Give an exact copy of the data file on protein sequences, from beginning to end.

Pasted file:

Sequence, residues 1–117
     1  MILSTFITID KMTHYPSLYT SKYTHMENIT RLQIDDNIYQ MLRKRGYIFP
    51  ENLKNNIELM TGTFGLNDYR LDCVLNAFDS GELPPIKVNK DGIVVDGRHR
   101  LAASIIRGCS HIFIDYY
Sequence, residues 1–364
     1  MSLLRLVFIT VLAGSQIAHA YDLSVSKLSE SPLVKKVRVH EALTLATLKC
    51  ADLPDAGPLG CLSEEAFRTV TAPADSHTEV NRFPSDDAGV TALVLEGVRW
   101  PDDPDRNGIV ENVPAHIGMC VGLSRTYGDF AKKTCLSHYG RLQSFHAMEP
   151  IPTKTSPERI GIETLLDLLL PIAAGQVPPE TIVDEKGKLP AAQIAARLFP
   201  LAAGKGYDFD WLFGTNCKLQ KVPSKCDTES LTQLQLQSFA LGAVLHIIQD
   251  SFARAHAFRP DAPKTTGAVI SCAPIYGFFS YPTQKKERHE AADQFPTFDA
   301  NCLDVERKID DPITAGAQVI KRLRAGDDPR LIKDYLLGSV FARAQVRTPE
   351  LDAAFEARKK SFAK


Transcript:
Sequence, residues 1–117
     1  MILSTFITID KMTHYPSLYT SKYTHMENIT RLQIDDNIYQ MLRKRGYIFP
    51  ENLKNNIELM TGTFGLNDYR LDCVLNAFDS GELPPIKVNK DGIVVDGRHR
   101  LAASIIRGCS HIFIDYY
Sequence, residues 1–364
     1  MSLLRLVFIT VLAGSQIAHA YDLSVSKLSE SPLVKKVRVH EALTLATLKC
    51  ADLPDAGPLG CLSEEAFRTV TAPADSHTEV NRFPSDDAGV TALVLEGVRW
   101  PDDPDRNGIV ENVPAHIGMC VGLSRTYGDF AKKTCLSHYG RLQSFHAMEP
   151  IPTKTSPERI GIETLLDLLL PIAAGQVPPE TIVDEKGKLP AAQIAARLFP
   201  LAAGKGYDFD WLFGTNCKLQ KVPSKCDTES LTQLQLQSFA LGAVLHIIQD
   251  SFARAHAFRP DAPKTTGAVI SCAPIYGFFS YPTQKKERHE AADQFPTFDA
   301  NCLDVERKID DPITAGAQVI KRLRAGDDPR LIKDYLLGSV FARAQVRTPE
   351  LDAAFEARKK SFAK